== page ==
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April 25, 2005
Study Argues Less is More in Socially Responsible Investment Research
    by William Baue

The proposed method may correlate environmental sustainability to financial performance well, but the radical reductionism seems ill-suited to a field that thrives on diversity of approaches.


In his latest polemic, provocateur Christoph Butz of Geneva-based private bank Pictet & Cie takes aim at what he considers the bloating of socially responsible investment (SRI) research, and recommends a Slim-Fast diet. One result of the increasing number of criteria SRI researcher firms use to assess corporate sustainability is "questionnaire fatigue," which exhausts companies' actual and metaphorical resources, Mr. Butz points out. His beef centers not on this problem, though, but on the contention that increasing quantities of data may lead to information overload and decreasing quality of analysis. Trim the fat for a leaner cut, he suggests.

"We would like to make the case for taking a break and focus on what is really important and relevant to sustainable development," states Mr. Butz for the Pictet sustainable investment team. "We will make the case for retaining only a few relevant indicators and suggest that we get rid of all the 'dead weight' that has accumulated over the years and has paradoxically become a major obstacle to real progress in sustainable investment."

"We are fully aware that such a 'reductionist' view of environmental sustainability will immediately draw a lot of criticism," he continues in the paper, entitled Less Can Be More…A New Approach to SRI Research.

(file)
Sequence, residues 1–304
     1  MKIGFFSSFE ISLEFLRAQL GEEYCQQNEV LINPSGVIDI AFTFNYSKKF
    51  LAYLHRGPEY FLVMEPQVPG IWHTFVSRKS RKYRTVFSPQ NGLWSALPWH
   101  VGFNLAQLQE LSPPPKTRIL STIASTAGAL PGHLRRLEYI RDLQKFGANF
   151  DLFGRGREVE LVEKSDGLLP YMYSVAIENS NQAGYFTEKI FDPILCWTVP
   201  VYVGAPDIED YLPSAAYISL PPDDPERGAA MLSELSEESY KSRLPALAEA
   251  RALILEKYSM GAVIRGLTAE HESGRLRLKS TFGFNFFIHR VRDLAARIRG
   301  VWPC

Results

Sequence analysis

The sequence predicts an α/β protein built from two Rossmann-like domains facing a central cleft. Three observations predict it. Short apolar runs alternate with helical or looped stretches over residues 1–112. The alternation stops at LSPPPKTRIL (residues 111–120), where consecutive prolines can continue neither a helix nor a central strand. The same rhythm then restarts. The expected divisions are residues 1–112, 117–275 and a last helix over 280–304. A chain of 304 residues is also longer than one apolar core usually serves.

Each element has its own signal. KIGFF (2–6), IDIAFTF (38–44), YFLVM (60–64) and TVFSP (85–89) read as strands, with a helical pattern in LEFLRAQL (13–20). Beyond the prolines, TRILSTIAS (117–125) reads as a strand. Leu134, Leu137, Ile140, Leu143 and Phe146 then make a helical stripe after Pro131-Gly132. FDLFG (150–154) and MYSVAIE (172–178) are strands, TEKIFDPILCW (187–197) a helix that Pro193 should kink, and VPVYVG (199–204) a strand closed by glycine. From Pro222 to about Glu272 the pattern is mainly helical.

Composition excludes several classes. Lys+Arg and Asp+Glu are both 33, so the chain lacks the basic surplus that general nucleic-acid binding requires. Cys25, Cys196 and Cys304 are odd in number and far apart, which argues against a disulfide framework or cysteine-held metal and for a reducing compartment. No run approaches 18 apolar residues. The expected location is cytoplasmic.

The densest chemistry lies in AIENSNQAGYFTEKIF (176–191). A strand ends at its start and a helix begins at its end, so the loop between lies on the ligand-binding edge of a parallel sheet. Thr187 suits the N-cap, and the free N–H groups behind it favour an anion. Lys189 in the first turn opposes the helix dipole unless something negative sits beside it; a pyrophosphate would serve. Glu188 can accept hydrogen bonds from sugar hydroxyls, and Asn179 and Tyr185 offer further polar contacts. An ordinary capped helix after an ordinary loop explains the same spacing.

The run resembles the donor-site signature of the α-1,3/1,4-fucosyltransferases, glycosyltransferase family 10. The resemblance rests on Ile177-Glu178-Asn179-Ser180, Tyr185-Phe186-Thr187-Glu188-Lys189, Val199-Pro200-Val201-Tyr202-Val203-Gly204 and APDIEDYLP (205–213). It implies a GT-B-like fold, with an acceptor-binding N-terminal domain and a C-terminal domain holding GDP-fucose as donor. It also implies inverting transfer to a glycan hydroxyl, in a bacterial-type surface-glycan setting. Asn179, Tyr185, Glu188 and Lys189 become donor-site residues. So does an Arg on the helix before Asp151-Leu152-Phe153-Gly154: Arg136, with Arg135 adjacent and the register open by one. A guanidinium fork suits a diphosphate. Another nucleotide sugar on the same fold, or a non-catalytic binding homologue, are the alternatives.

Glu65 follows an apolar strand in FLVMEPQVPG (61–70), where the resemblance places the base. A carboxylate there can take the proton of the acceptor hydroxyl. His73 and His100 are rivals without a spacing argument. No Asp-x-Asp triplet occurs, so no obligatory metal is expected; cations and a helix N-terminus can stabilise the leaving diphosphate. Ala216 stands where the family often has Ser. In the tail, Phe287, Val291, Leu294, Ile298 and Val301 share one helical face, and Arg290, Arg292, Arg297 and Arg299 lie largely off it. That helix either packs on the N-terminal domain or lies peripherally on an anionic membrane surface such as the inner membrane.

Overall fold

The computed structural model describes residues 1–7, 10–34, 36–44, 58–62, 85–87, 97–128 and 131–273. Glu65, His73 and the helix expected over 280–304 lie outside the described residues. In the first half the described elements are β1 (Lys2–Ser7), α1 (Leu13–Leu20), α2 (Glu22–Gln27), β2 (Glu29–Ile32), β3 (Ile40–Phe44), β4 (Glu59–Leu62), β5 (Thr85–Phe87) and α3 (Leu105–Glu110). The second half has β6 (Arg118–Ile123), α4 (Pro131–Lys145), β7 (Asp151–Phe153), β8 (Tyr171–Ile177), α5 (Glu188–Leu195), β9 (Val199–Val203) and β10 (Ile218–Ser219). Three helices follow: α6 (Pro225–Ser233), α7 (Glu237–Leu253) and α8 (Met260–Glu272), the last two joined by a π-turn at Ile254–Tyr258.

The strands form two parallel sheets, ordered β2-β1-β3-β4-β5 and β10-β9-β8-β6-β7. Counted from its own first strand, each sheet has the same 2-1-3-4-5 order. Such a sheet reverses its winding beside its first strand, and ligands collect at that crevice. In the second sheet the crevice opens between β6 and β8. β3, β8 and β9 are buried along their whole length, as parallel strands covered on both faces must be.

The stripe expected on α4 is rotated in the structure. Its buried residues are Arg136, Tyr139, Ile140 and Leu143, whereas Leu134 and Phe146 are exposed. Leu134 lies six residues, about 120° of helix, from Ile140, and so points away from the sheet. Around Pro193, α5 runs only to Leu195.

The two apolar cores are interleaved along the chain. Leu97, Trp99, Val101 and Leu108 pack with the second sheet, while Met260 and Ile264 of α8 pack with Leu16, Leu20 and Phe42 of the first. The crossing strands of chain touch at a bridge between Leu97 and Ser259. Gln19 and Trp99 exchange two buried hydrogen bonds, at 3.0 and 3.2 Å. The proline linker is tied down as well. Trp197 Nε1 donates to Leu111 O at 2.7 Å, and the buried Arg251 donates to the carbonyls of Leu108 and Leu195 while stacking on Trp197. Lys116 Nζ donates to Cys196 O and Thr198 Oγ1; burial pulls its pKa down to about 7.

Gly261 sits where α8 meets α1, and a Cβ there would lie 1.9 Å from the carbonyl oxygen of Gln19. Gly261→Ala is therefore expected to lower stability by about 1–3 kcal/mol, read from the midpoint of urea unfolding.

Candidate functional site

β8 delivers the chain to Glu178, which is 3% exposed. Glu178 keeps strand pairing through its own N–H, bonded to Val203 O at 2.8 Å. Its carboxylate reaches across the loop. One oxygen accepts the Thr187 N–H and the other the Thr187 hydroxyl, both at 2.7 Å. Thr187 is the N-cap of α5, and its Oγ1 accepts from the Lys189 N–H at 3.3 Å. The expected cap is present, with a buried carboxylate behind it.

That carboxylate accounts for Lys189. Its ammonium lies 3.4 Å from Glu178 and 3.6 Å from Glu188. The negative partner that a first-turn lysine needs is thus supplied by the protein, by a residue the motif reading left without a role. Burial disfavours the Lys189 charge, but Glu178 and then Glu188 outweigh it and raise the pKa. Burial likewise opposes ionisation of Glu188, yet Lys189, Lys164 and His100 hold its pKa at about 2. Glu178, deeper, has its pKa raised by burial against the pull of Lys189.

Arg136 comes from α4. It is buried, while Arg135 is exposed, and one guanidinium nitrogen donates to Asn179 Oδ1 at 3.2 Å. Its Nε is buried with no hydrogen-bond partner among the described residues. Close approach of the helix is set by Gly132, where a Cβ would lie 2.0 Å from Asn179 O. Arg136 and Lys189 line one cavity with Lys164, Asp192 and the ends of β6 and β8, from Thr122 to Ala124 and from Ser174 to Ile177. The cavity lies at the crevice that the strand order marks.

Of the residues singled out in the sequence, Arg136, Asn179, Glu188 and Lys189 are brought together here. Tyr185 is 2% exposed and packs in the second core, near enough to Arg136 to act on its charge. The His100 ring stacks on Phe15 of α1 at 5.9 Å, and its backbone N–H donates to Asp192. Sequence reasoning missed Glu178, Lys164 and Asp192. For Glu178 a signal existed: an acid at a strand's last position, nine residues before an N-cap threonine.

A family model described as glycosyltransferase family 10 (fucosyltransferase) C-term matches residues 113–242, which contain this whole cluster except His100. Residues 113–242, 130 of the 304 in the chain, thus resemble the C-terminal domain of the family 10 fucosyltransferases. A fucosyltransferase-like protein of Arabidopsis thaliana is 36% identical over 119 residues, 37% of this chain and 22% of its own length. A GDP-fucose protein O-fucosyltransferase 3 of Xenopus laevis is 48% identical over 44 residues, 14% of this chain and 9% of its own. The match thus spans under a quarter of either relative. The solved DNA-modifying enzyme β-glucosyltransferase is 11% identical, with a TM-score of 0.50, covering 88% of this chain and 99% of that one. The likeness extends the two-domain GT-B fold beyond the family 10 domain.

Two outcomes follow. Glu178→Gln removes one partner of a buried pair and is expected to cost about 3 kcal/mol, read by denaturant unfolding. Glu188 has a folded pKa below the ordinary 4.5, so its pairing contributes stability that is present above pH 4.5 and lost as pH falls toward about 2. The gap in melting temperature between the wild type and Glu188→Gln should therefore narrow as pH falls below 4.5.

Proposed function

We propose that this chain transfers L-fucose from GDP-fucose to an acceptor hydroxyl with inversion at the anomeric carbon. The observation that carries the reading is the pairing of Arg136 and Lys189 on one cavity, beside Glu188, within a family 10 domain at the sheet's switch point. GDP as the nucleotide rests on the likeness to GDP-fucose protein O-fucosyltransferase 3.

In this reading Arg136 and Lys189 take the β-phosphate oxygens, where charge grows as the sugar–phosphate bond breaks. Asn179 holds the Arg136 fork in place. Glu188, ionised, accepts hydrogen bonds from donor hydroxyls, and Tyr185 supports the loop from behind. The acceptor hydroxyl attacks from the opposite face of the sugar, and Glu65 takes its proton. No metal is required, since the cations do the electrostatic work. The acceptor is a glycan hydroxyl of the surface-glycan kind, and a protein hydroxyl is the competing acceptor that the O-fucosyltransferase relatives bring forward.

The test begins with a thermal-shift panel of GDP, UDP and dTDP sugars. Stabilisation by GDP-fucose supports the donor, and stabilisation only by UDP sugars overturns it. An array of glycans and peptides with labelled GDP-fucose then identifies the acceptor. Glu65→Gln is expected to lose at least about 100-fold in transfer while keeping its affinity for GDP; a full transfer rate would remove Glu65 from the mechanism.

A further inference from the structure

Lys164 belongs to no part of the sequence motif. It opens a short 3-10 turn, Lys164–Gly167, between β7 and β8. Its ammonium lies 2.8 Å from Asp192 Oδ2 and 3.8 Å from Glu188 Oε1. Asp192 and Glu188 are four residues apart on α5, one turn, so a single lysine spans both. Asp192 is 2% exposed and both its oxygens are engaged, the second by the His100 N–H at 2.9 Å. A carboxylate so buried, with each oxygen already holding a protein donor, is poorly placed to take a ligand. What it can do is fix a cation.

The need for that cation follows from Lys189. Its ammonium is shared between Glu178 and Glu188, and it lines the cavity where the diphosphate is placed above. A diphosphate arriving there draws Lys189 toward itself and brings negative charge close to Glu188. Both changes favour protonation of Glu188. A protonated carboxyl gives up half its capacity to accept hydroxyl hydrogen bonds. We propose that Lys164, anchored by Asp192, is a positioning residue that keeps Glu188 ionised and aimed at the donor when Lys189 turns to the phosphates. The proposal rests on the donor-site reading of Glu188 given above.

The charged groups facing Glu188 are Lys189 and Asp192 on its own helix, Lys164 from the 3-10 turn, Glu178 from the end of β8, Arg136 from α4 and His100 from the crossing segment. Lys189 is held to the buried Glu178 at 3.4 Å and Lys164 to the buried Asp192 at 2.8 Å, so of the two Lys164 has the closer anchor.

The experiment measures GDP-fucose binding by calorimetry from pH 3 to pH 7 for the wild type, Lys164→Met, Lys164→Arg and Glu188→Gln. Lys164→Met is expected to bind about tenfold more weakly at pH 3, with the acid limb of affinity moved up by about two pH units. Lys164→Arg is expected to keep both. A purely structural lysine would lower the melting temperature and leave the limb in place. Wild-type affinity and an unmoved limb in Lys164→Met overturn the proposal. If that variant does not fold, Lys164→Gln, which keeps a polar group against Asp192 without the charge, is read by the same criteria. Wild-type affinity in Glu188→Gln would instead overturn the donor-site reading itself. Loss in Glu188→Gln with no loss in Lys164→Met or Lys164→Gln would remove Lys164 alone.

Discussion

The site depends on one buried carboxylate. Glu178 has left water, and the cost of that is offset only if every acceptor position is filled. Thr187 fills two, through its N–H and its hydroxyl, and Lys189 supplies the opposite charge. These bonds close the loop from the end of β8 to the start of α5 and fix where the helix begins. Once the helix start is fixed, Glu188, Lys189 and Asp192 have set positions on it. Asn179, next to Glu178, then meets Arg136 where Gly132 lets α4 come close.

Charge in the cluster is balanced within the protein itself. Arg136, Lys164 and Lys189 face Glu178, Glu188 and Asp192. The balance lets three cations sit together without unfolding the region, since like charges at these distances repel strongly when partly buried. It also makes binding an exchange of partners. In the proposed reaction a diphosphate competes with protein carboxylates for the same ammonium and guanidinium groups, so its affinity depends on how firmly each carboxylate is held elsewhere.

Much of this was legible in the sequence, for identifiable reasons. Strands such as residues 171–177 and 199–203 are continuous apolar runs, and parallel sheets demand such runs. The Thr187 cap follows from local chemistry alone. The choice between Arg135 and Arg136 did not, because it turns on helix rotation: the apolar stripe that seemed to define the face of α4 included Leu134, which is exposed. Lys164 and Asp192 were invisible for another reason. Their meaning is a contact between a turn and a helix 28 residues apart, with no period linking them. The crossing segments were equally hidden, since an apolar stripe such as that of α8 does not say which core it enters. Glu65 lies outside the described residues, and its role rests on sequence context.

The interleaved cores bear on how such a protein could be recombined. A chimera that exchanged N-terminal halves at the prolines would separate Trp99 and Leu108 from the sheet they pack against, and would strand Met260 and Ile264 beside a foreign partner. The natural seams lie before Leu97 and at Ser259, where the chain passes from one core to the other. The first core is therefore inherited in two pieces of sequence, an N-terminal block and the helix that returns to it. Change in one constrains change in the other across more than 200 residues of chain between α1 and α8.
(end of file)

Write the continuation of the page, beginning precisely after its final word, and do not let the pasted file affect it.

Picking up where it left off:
The paper is broken into two sections: the first defines the problem as Mr.Butz sees it, the second proposes a solution. One component of the problem: SRI research firms need to differentiate themselves in a competitive marketplace, hence the proliferation of indicators. However, each new criterion gains its significance by stripping the significance from existing criteria, thereby spreading the relevance of the overall assessment thinner and thinner. Furthermore, many criteria address the "vague concept" of corporate responsibility instead of honing in on the more scientifically measurable goal of sustainable development: "being nice" to employees is not necessarily going to save the planet, Mr. Butz suggests.

The solution: focus on "key impact factors." Mr. Butz posits two such factors for measuring environmental sustainability (fleet fuel efficiency in the automobile sector and fleet age in the airline sector) and one for measuring social sustainability (job creation).

At this point, the philosophical side of Mr. Butz's argument takes a back seat to the "quant" side, as the Pictet team devises sophisticated quantification strategies, looking at 12 car manufacturers, 38 airline companies, and about 1000 cross-sector companies. The stratagems compare financial performance against various measures of sustainability performance. Higher car fleet fuel efficiency correlates with slight financial underperformance, while increased job creation correlates loosely to better financial performance, though not statistically significantly.

The approach Mr.Butz advocates seems to ignore the fact that investors have a variety of reasons and goals regarding sustainability investing and SRI. Take, for example, faith-based investors. Some spurn companies that produce birth control, while some conduct shareowner action encouraging companies to support condom distribution in developing nations to curb the spread of HIV/AIDS. SRI research spans across this spectrum. While Mr. Butz anticipates criticism, he does not take into account how his radical reductionism contravenes the diversity of SRI.

 

 
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